AN ARMY veteran who carried out a prolonged campaign of harassment against her ex-partner has been jailed.

Lee Baker, who has recently transitioned and identifies as a woman, split from Kathryn Smyth in 2016 but went on to pester her on social media.

The 6ft 2ins tall ex-solder, who now goes by the name Tiffany Aching, was made the subject of a restraining order after the relationship broke down.

However, she repeatedly contacted Smyth online.

Poole Magistrates' Court heard Aching was desperate to get back at the victim by stalking her on Instagram for more than a year.

Aching, who shares the same name as a character in one of author Terry Pratchett's fantasy novels, posted suggestive remarks towards Miss Smyth and tried to share women's fashion tips with her.

On one occasion Miss Smyth, who runs a cupcake business, posted on Instagram that she was suffering from 'obsessive cupcake disorder'.

Aching, who served in the army as a combat medical technician, responded by saying: "Definitely miss a certain someone's cupcakes."

Another time, Miss Smyth, who lives in Bournemouth, wrote: "All you you need in life is high heels and cupcakes."

Aching, 47, updated her own bio to read: "Love how high heels make my legs look good."

She changed her own Facebook profile picture to one that contained the victim.

The defendant also regularly turned up Miss Smyth's home and work, leaving the victim feeling "scared and insecure".

In September 2017, CCTV from Miss Smyth's home captured Aching, at that point still Lee Baker, turning up during the night.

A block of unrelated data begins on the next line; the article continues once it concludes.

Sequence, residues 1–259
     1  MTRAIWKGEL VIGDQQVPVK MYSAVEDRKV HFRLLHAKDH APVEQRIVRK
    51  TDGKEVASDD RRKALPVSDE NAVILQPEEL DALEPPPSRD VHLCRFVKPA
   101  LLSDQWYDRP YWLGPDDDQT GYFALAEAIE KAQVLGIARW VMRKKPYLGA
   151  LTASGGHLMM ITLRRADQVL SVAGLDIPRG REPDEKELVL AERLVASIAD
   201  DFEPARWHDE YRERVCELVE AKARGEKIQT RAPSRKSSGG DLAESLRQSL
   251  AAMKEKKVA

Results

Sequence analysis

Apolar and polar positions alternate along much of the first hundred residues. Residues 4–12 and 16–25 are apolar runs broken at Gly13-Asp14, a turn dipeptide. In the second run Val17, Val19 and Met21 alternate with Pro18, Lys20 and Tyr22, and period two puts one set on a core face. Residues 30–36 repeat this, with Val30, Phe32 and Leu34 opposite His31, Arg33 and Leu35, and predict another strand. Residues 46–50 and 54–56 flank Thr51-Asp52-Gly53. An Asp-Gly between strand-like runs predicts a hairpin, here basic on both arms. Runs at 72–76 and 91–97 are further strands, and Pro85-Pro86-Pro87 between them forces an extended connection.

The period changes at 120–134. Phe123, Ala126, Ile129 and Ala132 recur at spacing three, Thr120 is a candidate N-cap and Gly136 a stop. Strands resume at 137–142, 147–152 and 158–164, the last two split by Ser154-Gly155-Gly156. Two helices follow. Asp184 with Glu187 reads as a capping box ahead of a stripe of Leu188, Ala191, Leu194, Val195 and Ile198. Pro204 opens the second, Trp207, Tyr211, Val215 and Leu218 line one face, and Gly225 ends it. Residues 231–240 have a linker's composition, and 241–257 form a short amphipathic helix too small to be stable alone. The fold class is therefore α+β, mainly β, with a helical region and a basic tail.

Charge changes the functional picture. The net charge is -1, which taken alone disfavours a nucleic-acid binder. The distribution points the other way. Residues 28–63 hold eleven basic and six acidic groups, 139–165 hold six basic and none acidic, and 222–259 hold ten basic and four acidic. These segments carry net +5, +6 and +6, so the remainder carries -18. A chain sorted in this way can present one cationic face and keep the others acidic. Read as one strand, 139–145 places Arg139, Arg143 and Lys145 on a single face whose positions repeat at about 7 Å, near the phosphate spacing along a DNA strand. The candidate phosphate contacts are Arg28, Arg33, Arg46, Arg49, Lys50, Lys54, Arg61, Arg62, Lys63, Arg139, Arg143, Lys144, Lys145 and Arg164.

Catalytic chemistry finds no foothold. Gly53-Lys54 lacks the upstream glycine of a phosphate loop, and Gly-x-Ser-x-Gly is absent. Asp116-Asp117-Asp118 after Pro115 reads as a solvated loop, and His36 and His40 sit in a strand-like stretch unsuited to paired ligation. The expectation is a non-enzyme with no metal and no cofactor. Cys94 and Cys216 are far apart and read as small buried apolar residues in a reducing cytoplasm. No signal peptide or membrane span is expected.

He then disappeared out of sight before reappearing several minutes later, when he was filmed shining a torch inside a car parked on her drive.

The harassment went on from July 2017 to September 2018.

Giving evidence during a trial, Miss Smyth said the constant harassment had left her feeling like she was "being watched all the time".

She said: "It's made me feel frightened, uneasy and like I can't live life.

"It's like I'm being watched all the time and I'm still frightened now.

"I've been suffering with depression and anxiety because of it and I've had to work shorter hours."

Aching failed to turn up for the trial and was found guilty of two charges of harassment, breaching a restraining order and stalking in her absence. She was jailed 15 months when she appeared for sentencing at Bournemouth Crown Court.

Nicholas Tucker, mitigating, said that Aching had only recently been released from a psychiatric unit and would be victim of "merciless bullying" in prison.